Who is responsible for the fact that investments in blue-sky, curiosity-driven or exploration research are under threat? Many scientists tackle politicians on this issue. But as scientists we also have a responsibility to get the public and all political parties on side so that visionary policies — when and if they appear — are not undermined by appeals to short-term hip-pocket interests.
For some reason, strong government seems to be getting harder, with leaders worldwide facing relentless scrutiny on social media and increasingly having to navigate hung parliaments. The need for bipartisan agreements on what is important in terms of a national science strategy has become more important than ever.
Blue-sky research involves a particularly big leap of faith — the belief that backing investigator-led research will generate paradigm shifts that, in the long-term, will repay the investment many times over.
History shows this approach is critically important for creating new industries, for finding alternative paths in the many places where we have reached a scientific brick wall, and for inspiring our brightest young minds to embark on careers of discovery.
In my area of molecular genetics almost all the big discoveries — restriction enzymes, sequencing, green fluorescent proteins and, recently, genome editing — came from fundamental research.
But in times of dwindling economies it is hardly surprising that governments and researchers find it hard to convince the politicians, industry, philanthropists or even the taxpayers to find extra money to pay upfront.
The long-term consequences may be dire. Without sustained funds for exploration there will be fewer explorers and fewer big discoveries. Without new discoveries there will be fewer inventions and some problems will remain unsolved indefinitely. Sadly this new political climate is gradually driving the emphasis away from investigator-led research towards mission-directed research.
Medical research is one form of mission-directed research that is obviously worthwhile. But even here there are challenges. The government’s bid to raise taxes to ensure sustainable funding for medical research was vigorously opposed. Flat taxes, such as the proposed $7 co-payment, can lead to social inequity, but any notion extra public interest research can be funded without finding extra money somewhere is mystifying.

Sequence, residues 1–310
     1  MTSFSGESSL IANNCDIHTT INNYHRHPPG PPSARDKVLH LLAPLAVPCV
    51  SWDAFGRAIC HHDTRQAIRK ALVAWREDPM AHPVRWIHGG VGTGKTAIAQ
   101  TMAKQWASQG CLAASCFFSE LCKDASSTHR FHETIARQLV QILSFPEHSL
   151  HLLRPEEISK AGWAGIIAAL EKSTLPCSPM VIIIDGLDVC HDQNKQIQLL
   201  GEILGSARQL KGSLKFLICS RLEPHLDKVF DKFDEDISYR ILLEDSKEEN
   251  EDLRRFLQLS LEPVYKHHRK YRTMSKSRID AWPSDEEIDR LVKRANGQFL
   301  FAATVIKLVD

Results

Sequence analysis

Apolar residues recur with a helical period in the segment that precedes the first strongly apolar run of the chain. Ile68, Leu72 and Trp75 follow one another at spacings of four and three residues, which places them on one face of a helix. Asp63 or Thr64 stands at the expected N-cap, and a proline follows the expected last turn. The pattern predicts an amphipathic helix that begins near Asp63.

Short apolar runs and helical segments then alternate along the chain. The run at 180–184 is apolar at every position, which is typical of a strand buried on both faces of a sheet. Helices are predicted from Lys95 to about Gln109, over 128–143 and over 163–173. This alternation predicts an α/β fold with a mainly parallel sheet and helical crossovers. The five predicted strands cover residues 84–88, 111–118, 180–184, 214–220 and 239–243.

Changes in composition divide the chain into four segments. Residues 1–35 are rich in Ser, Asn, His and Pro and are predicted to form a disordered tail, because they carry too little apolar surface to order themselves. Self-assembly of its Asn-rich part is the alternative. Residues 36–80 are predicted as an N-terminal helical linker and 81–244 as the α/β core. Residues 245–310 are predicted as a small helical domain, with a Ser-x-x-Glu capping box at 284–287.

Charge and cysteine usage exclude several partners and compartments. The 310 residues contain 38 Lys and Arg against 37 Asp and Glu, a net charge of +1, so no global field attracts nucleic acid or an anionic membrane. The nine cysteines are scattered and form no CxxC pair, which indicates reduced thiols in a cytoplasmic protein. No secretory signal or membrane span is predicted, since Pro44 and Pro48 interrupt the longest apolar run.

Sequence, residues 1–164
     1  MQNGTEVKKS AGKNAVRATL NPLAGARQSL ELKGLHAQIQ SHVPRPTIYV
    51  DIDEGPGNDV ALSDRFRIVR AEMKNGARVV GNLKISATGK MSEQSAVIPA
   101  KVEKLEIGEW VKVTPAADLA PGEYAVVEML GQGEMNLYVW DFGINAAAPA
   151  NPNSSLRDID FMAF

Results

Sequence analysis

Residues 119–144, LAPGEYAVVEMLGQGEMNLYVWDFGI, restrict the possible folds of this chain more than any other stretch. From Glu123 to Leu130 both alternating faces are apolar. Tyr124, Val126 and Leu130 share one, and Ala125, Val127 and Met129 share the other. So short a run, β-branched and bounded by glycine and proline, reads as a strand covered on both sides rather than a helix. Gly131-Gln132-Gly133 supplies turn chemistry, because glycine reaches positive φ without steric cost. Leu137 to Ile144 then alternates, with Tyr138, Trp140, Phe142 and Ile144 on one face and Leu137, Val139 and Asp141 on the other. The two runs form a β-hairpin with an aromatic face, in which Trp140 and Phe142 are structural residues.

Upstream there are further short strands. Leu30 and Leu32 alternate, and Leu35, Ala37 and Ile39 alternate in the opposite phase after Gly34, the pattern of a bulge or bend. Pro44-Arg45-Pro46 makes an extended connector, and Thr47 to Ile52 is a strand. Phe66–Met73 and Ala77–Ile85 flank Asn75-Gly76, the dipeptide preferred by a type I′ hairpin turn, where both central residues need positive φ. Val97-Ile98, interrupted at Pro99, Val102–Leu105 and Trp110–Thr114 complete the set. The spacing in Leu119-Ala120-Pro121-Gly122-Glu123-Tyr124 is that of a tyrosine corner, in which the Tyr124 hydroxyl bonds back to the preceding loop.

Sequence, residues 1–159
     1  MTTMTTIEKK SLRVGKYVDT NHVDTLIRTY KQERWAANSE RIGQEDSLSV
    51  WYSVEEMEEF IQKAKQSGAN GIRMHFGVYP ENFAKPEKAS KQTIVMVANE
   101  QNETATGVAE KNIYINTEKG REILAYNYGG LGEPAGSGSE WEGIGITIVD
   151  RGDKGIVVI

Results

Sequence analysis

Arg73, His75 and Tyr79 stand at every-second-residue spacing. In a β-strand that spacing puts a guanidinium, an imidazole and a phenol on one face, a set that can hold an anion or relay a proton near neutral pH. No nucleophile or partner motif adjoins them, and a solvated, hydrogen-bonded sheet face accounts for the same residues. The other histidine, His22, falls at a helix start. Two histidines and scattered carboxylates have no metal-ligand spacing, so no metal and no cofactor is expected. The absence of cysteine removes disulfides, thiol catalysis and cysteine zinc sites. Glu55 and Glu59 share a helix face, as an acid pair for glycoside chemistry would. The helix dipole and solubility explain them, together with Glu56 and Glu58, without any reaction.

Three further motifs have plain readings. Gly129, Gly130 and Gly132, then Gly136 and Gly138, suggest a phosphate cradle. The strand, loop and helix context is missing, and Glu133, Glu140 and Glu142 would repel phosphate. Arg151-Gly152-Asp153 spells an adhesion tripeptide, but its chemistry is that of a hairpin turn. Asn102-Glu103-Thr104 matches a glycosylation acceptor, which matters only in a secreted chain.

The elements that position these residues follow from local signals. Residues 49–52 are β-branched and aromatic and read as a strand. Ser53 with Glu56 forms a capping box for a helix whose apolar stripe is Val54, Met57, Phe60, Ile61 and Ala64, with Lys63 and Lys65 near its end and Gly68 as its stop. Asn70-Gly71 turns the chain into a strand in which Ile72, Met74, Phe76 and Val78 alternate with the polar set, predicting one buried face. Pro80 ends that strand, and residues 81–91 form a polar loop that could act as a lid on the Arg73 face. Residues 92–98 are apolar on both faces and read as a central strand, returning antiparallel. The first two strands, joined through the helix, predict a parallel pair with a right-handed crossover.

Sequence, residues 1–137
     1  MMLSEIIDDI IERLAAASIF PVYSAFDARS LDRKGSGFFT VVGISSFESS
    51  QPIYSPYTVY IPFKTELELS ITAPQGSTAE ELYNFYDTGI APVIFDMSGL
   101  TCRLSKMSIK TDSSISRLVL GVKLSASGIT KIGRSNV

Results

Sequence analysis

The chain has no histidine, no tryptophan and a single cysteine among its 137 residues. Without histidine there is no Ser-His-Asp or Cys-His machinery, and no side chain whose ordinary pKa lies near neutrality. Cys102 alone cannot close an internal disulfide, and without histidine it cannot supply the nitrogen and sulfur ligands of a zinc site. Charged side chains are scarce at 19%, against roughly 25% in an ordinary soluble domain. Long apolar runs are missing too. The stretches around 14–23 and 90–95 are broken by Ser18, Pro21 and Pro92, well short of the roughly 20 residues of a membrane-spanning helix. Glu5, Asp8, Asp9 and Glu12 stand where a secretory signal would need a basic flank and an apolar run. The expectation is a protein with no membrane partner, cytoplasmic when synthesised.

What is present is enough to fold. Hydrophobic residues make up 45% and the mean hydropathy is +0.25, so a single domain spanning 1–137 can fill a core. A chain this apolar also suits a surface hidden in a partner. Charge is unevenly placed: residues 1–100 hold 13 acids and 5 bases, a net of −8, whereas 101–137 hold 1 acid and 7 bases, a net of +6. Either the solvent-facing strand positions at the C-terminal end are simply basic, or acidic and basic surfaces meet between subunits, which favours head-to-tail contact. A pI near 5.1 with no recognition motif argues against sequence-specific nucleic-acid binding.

Industry engagement is also in favour, and such mission-directed research is very important. But one has to be careful not to let the political advantages of this approach drive the agenda. Industry-directed research is self-evidently intended to have an economic benefit. Taxpayers can take some comfort from the fact it is carried out under the blowtorch of market efficiencies rather than in large, publicly-funded bureaucracies. And if industry pays, the public doesn’t — although it may ultimately end up contributing, because industries have to generate revenues from somewhere.
Interdisciplinary research is a third type of mission-directed research that is increasingly popular. Interdisciplinary collaborations can trigger new ideas and provide synergies. But again political rather than scientific advantages can contribute to the appeal. The more people and regions involved in the research, the easier it is to justify the investment.
Not surprisingly, many institutions have jumped on this bandwagon. But it should be remembered that management-directed interdisciplinary plans are not always justified.
Sometimes it is most efficient to have the smallest, most excellent teams, rather than the largest team imaginable. If you look at Nobel Prize discoveries that have changed the world, you will find they nearly always depend on dedicated individuals with deep, discipline-specific knowledge.
Hard as it is we should start talking about a bipartisan science strategy that serves the national interest and includes a prominent commitment to blue-sky science.
But how do you rank and prioritise funding for different blue-sky ideas? When dealing with the unknown, can one always distinguish between a Galileo and a crank? Is it possible to support every innovative idea or attractive “world-first”?
One strategy is to forget about trying to rank the ideas and go for individuals who have demonstrated creativity, drive and productivity. The Australian Research Council and National Health and Medical Research Council fellowship schemes provide a sanctuary where top researchers are given the freedom to follow their ideas without daily pressure to report on progress.
Either taxpayers, or philanthropists such as Canadian businessman Mike Lazaridis, who set up the Perimeter Institute for Theoretical Physics in Canada, may also support more blue-sky research; and sometimes philanthropists such as Bill and Melinda Gates do step in where governments don’t.
Ultimately we need leadership, vision and strategy so that Australia remains a country where young people aspire to careers in science where they can explore and contribute to solving the grand challenges that loom in the future.
Professor Merlin Crossley is Dean of Science at UNSW.
This article first appeared in The Australian newspaper.